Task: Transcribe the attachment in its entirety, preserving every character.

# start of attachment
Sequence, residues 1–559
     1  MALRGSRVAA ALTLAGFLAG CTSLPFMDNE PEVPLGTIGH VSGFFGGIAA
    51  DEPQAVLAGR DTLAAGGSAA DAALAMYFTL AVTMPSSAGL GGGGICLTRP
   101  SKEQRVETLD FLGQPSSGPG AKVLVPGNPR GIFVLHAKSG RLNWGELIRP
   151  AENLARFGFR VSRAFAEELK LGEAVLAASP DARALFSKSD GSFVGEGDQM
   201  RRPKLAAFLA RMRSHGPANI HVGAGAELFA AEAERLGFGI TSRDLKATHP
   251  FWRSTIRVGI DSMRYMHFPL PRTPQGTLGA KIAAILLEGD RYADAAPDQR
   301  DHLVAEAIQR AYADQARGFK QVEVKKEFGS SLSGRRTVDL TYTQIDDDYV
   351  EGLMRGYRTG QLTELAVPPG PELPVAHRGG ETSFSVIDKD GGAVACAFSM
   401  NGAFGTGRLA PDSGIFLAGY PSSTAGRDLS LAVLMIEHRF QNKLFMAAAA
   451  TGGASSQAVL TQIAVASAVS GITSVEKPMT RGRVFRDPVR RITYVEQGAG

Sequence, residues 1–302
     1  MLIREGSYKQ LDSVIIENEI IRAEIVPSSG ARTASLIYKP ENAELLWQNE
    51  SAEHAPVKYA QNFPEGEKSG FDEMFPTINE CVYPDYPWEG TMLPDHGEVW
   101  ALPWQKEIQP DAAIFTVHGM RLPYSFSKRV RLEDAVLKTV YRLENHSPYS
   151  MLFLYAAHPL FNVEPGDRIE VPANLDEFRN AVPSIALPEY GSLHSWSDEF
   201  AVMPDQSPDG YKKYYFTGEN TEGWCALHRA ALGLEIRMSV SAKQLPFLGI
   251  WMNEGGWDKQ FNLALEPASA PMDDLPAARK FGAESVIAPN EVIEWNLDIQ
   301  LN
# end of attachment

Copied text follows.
Sequence, residues 1–559
     1  MALRGSRVAA ALTLAGFLAG CTSLPFMDNE PEVPLGTIGH VSGFFGGIAA
    51  DEPQAVLAGR DTLAAGGSAA DAALAMYFTL AVTMPSSAGL GGGGICLTRP
   101  SKEQRVETLD FLGQPSSGPG AKVLVPGNPR GIFVLHAKSG RLNWGELIRP
   151  AENLARFGFR VSRAFAEELK LGEAVLAASP DARALFSKSD GSFVGEGDQM
   201  RRPKLAAFLA RMRSHGPANI HVGAGAELFA AEAERLGFGI TSRDLKATHP
   251  FWRSTIRVGI DSMRYMHFPL PRTPQGTLGA KIAAILLEGD RYADAAPDQR
   301  DHLVAEAIQR AYADQARGFK QVEVKKEFGS SLSGRRTVDL TYTQIDDDYV
   351  EGLMRGYRTG QLTELAVPPG PELPVAHRGG ETSFSVIDKD GGAVACAFSM
   401  NGAFGTGRLA PDSGIFLAGY PSSTAGRDLS LAVLMIEHRF QNKLFMAAAA
   451  TGGASSQAVL TQIAVASAVS GITSVEKPMT RGRVFRDPVR RITYVEQGAG

Sequence, residues 1–302
     1  MLIREGSYKQ LDSVIIENEI IRAEIVPSSG ARTASLIYKP ENAELLWQNE
    51  SAEHAPVKYA QNFPEGEKSG FDEMFPTINE CVYPDYPWEG TMLPDHGEVW
   101  ALPWQKEIQP DAAIFTVHGM RLPYSFSKRV RLEDAVLKTV YRLENHSPYS
   151  MLFLYAAHPL FNVEPGDRIE VPANLDEFRN AVPSIALPEY GSLHSWSDEF
   201  AVMPDQSPDG YKKYYFTGEN TEGWCALHRA ALGLEIRMSV SAKQLPFLGI
   251  WMNEGGWDKQ FNLALEPASA PMDDLPAARK FGAESVIAPN EVIEWNLDIQ
   301  LN